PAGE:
Lt. Col. Daniel Gade
New Windsor, New York
Lieutenant Colonel Daniel Gade is an assistant professor at the United States Military Academy, and the Deputy Director of the Simon Center for the Professional Military Ethic. He led a tank company in battle in Iraq in 2004 and 2005, where he was wounded in action twice and decorated for valor. A right leg amputee, Lieutenant Colonel Gade remains on active duty in the US Army. He holds a Master’s Degree and a PhD from the University of Georgia, and worked as an Associate Director of the Domestic Policy Council in the White House from 2007-2008.
Dr. Wendy S. Harbour is Director of the National Center for College Students with Disabilities, Coordinator for the Historically Black Colleges and Universities Disability Consortium, and Advisor for Disability Rights, Education, Activism, and Mentoring, positions she has held since 2015. Dr. Harbour held various positions at Syracuse University from 2009 to 2015, including the Lawrence B. Taishoff Professor of Inclusive Higher Education, Executive Director of the Taishoff Center for Inclusive Higher Education, Co-Director of the Center on Human Policy, Co-Coordinator of the Disability Studies Program, and Coordinator of the American Sign Language Program. Dr. Harbour was an Adjunct Professor at the Boston Teacher Residency Program at the University of Massachusetts-Boston from 2006 to 2008 and at the American Sign Language Program at Northeastern University in 2007. She was a Disability Specialist from 1995 to 2001 and an Academic Assistance and Testing Coordinator from 1995 to 1998 in Disability Services at the University of Minnesota Twin Cities. Dr. Harbour received a B.A. and M.A. from the University of Minnesota Twin Cities and an Ed.M. and Ed.D. from Harvard University.
Benro T. Ogunyipe
Benro T. Ogunyipe is an Accessibility Specialist for the Illinois Department of Human Services (DHS), a position he has held since 2004. In his capacity of the position, he directs and administers the program activities with special emphasis on Titles I-IV of the Americans with Disabilities Act (ADA), as amended and Section 504 of the Rehabilitation Act at the DHS Bureau of Accessibility and Job Accommodation in Chicago. He also serves as a bureau legislative liaison and communications access trainer. He is a frequent presenter of sessions at national, regional, and state conferences on the topic of employment rights and responsibilities of deaf and hard of hearing individuals under the provisions of Title I of the ADA. He served as President of the National Black Deaf Advocates, Inc. from 2011 to 2013, and served as Vice President and Chairman of the Board from 2007 to 2011. He was a Commissioner and Vice Chair of the Illinois Deaf and Hard of Hearing Commission from 2007 to 2012. Mr. Ogunyipe received a Bachelor of Arts degree from Gallaudet University and a Master of Public Administration (M.P.A.) from the School of Public Service at DePaul University.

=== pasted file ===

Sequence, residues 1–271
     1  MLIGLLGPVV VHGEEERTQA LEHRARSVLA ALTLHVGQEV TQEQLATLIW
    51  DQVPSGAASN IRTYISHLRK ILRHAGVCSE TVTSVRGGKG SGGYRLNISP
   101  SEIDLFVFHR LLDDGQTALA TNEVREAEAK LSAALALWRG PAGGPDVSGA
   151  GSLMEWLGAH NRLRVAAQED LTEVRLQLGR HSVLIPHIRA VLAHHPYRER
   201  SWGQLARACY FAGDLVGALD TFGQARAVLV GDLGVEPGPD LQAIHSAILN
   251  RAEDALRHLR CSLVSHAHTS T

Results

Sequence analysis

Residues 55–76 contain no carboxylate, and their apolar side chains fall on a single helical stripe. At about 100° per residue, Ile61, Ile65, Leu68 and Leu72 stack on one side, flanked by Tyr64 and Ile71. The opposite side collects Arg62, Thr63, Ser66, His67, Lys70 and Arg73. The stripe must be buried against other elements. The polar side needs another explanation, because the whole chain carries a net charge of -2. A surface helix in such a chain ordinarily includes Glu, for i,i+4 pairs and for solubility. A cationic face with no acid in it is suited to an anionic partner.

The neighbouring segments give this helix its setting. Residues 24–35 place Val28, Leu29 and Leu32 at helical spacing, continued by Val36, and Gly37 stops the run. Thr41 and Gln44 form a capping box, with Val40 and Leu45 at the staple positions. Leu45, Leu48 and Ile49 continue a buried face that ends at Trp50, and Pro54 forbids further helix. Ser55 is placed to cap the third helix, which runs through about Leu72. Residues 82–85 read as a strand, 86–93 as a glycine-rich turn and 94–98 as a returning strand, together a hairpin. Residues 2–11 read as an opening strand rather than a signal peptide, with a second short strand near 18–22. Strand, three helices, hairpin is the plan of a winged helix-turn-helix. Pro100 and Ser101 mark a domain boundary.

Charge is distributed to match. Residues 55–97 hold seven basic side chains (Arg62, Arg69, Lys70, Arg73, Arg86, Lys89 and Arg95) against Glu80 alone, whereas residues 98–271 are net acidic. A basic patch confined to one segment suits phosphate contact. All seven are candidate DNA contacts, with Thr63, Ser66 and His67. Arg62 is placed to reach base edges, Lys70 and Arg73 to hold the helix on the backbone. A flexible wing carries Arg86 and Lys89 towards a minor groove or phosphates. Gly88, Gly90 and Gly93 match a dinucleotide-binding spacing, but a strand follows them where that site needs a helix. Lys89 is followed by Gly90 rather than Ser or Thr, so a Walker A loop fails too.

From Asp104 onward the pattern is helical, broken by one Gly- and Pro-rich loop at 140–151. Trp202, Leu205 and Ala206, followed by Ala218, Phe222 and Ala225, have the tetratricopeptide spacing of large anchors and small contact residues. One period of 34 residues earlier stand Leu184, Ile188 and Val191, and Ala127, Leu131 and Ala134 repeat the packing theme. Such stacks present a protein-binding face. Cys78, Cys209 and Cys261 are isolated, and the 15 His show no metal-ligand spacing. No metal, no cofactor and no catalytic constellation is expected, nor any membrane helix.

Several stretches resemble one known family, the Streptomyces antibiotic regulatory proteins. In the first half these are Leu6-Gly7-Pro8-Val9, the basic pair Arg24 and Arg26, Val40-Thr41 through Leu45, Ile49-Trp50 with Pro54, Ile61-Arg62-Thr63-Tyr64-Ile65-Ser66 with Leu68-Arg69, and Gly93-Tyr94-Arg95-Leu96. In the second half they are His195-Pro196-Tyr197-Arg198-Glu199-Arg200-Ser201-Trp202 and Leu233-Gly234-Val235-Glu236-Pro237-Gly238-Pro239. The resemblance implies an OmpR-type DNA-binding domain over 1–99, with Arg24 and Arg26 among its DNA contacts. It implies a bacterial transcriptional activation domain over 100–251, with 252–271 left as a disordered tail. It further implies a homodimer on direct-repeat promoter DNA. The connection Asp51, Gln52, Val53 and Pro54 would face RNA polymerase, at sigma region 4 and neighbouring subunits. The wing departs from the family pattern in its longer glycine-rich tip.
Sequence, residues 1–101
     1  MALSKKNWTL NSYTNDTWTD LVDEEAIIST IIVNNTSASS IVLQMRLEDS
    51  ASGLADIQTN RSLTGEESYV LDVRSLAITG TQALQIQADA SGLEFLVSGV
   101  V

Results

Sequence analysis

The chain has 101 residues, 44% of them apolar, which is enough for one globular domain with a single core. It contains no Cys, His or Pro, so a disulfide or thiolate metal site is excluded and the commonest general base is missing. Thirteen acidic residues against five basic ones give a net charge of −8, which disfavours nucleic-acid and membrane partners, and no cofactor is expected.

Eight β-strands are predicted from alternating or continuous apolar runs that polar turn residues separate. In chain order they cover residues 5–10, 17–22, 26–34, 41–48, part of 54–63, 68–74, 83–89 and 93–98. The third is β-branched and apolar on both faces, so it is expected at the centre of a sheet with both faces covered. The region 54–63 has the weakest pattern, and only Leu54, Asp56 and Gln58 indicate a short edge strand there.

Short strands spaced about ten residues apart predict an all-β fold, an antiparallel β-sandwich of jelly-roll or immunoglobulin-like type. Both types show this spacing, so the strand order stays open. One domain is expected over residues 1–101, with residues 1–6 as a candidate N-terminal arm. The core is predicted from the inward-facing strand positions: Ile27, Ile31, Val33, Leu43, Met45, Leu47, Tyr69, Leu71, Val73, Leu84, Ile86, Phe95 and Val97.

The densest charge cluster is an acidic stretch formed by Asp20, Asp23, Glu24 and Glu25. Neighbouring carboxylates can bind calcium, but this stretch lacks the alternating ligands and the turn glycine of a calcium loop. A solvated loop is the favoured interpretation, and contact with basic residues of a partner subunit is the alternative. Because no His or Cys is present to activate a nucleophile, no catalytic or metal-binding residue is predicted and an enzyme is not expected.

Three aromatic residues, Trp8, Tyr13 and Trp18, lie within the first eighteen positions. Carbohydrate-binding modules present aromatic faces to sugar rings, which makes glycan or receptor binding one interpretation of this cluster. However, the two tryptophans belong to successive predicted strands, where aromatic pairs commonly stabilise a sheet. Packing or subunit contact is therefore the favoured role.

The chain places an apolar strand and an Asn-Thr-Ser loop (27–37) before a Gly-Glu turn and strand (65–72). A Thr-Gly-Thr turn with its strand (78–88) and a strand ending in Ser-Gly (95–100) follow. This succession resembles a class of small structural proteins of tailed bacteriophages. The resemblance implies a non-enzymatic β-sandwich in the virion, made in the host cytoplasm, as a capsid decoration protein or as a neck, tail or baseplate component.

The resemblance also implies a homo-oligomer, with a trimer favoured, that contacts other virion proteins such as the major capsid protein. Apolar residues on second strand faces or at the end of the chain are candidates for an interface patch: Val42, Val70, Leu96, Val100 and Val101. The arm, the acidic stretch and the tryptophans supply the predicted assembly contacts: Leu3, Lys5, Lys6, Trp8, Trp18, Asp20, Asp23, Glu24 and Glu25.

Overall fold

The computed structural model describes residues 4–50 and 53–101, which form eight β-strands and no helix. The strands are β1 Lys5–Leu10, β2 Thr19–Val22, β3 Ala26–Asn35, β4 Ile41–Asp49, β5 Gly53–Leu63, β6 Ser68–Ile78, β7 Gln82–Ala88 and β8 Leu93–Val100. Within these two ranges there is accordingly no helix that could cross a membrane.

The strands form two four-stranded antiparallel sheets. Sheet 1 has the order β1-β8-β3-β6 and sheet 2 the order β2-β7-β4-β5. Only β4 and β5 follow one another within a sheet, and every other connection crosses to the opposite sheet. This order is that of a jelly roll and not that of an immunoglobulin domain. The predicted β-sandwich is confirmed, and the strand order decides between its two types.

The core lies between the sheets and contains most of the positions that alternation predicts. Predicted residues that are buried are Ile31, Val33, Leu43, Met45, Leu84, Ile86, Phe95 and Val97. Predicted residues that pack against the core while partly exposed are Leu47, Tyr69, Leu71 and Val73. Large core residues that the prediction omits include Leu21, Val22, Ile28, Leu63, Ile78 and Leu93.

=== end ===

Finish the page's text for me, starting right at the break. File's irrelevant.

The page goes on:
New York, NY
Neil Romano has dedicated his career to the marketing of ideas and messages to help save lives and promote public policy. Romano’s extensive professional background includes tenure as director of communications for the White House Office of Drug Abuse Policy. In that role, he worked on notable public awareness campaigns including “Just Say No” and “America Responds to AIDS.” In 2007, Romano was nominated by President George W. Bush to be the Assistant Secretary of Labor for Disability Employment Policy and was unanimously confirmed by the U.S. Senate. As head of the U.S. Department of Labor’s Office of Disability Employment Policy (ODEP), Romano advised the Secretary of Labor and worked with all DOL agencies to lead a comprehensive and coordinated national policy regarding the employment of people with disabilities in the United States. His work as a member of the Committee for Purchase from People Who are Blind or Severely Disabled, helped improve the quality of life for workers with disabilities. In 2010, Romano’s work as a member of that committee was recognized by the full committee with a special leadership award. As a producer/director, Romano’s film, “Youth Homicide: A Public Health Crisis,” earned a Best Director Emmy Nomination.